severity of protein-calorie malnutrition. However, the dumping syndrome is also
believed by many to be a benefit, rather than a detriment, in that it helps
patients avoid eating sugary and high fat foods which would adversely affect
The DS works through an element of gastric restriction as well as malabsorption. The
stomach is fashioned into a small tube, preserving the pylorus, transecting the
duodenum and connecting the intestine to the duodenum above where digestive
juices enter the intestine. Compared to the BPD, the DS leaves a much smaller
stomach that creates a feeling of restriction much like that of a Gastric
Bypass. Anatomically, the main difference between the DS and the BPD is the
shape of the stomach – the malabsorptive component is essentially identical to
that of the BPD. Instead of cutting the stomach horizontally and removing the
lower half (such as with the BPD), the DS cuts the stomach vertically and leaves
a tube of stomach that empties into a very short (2-4 cm) segment of duodenum.
The duodenum is tolerant of stomach acid and therefore is much more resistant to
ulceration compared to the small intestine. Removing part of the stomach also
decreases the amount of acid present. Whereas the BPD involves an anastomosis
(connection) between the stomach and the intestine, the DS involves an
anastomosis between the duodenum and the intestine. The duodenum is cut about
2-4 cm from the stomach (measured from the pyloric valve). The intestine is sewn
to the end of the duodenum which remains in continuity with the stomach. The
other side of the duodenum will carry all the bile and pancreatic secretions. A
theoretical (but clinically unproven) benefit of the DS is an improvement in
absorption of iron and calcium in comparison to the BPD. The disadvantage of
transecting the duodenum is the large number of vital structures immediately
adjacent to the duodenum. Several large blood vessels and the major bile duct
are located here. Injury to these structures can be life-threatening.
The DS and BPD procedures have high reported weight loss in long-term studies,
but also have the highest rate of nutritional complications compared to the RYGBP and the purely restrictive procedures. These
two operations are some of the most complex in bariatric surgery.
Both the BPD and the DS can be performed laparoscopically. However, these operations are
more demanding technically than the RYGBP and should only be performed in the
most experienced hands.
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Gastroplasty (HG and VBG) -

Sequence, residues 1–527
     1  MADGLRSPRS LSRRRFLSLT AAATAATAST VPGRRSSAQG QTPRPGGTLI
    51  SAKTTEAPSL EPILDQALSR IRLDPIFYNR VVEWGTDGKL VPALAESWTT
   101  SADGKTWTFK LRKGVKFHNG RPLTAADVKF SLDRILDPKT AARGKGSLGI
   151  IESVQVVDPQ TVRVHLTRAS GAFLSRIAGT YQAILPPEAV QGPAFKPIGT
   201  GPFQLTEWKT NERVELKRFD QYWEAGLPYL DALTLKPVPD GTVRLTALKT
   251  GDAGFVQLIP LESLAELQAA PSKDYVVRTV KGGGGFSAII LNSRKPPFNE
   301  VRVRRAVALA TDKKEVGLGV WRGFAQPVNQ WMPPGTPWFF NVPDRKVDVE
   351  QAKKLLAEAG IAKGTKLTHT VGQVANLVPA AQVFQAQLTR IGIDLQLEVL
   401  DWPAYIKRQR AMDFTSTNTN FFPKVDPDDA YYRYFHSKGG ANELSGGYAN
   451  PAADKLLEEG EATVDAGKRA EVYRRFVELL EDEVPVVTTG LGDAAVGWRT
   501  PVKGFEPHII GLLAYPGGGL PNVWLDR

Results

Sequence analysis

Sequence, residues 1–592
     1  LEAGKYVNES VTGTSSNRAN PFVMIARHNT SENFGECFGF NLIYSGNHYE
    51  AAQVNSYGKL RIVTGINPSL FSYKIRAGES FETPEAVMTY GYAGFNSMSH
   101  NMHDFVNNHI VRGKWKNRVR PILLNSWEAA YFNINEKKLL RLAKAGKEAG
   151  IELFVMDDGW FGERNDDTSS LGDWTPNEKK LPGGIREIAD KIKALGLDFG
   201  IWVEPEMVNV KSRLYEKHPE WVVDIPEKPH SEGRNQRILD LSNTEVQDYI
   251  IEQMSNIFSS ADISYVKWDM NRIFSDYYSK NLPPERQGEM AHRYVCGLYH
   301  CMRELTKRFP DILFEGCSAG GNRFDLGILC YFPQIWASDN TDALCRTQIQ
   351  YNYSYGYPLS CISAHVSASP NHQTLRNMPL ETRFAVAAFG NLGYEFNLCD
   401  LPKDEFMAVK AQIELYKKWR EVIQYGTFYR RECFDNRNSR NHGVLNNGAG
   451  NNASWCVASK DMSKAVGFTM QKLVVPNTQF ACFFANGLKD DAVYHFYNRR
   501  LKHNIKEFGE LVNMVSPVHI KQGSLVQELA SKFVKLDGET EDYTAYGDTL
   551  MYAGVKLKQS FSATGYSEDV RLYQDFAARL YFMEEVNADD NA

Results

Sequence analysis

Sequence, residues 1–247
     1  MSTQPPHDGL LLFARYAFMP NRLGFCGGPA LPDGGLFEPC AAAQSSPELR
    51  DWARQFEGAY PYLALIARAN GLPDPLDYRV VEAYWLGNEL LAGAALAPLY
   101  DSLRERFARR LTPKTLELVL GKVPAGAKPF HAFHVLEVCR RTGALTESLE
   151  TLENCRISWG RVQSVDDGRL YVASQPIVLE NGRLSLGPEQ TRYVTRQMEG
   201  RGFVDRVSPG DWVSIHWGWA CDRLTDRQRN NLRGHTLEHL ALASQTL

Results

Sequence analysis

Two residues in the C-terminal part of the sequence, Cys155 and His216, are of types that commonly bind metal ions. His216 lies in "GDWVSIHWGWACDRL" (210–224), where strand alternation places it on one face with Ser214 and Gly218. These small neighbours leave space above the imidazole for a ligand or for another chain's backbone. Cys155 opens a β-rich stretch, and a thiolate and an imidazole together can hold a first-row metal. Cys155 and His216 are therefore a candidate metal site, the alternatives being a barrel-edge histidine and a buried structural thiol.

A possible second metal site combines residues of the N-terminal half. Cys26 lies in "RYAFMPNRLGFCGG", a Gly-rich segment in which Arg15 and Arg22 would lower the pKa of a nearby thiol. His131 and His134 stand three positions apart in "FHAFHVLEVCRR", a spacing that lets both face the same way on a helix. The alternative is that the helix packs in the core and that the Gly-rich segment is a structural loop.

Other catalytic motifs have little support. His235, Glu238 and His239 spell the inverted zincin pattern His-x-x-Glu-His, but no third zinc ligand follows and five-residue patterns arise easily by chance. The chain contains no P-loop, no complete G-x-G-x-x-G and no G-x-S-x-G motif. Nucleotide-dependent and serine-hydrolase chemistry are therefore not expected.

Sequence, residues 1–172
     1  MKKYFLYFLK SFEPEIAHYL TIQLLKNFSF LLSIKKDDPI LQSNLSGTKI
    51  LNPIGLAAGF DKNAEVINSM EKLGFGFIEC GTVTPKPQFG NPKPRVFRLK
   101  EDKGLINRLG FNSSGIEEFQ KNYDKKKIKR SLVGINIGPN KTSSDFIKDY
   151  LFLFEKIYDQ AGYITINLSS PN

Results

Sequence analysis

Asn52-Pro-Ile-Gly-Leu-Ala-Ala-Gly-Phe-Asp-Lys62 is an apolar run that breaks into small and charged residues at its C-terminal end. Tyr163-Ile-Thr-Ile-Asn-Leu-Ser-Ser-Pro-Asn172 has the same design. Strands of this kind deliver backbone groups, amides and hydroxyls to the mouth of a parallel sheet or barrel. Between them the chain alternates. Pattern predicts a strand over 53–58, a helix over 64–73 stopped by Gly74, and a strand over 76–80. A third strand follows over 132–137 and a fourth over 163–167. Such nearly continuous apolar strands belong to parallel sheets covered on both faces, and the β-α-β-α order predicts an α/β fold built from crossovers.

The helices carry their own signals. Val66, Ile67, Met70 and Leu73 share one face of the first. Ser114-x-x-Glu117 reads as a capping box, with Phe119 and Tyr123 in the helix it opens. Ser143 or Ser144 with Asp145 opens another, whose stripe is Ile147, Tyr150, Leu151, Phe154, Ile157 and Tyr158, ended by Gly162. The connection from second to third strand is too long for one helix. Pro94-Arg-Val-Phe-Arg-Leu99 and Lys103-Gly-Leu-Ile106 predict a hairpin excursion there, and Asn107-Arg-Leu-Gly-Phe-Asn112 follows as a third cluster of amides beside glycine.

The gastroplasty (developed in the early 1970s)was designed to be a safer alternative to the RYGBP and the JIB/BPD.
The operation itself was made possible by the introduction of mechanical
staplers. The Horizontal Gastroplasty (HG) was the first purely restrictive
operation performed for the treatment of obesity. The
stapling the stomach into a small partition – and only leaving a small opening
for food to pass from the upper stomach pouch to the lower one, created the term: stomach stapling. This form of gastroplasty resulted in very poor long-term
weight loss and, after several attempted modifications, was abandoned
The Vertical Banded Gastroplasty (VBG) features a pouch based on the lesser
curvature of the stomach and a polypropylene mesh band or Silastic® ring around
the outlet of the pouch. The advantages of the VBG include a lower mortality rate
and the virtual absence of micronutrient deficiencies.
However, once a popular surgical option for obesity, the VBG is performed less frequently, because studies have shown a prominent rate of weight regain or exacerbation of severe heartburn. Trials have demonstrated superior weight loss with Gastric Bypass compared to VBG. Weight loss for sweets eaters has been shown
also to be superior with RYGBP.
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Gastric Banding (GB) - Restrictive Procedure
Another example of a purely restrictive bariatric procedure is the nonadjustable gastric banding. Introduced in 1978 by Wilkinson, a 2 cm Marlex mesh
was applied around the upper part of the stomach to separate the stomach into a small upper pouch and
a larger bottom pouch. Eventually pouch dilatation resulted in unsatisfactory weight
Later in1980, Molina described the gastric segmentation procedure, in which a Dacron vascular
graft was placed around the upper stomach. The gastric pouch was smaller than
Wilkinson’s procedure. Because the Dacron graft produced adherence of the liver
to the band, it was replaced ultimately by PTFE (Gortex®).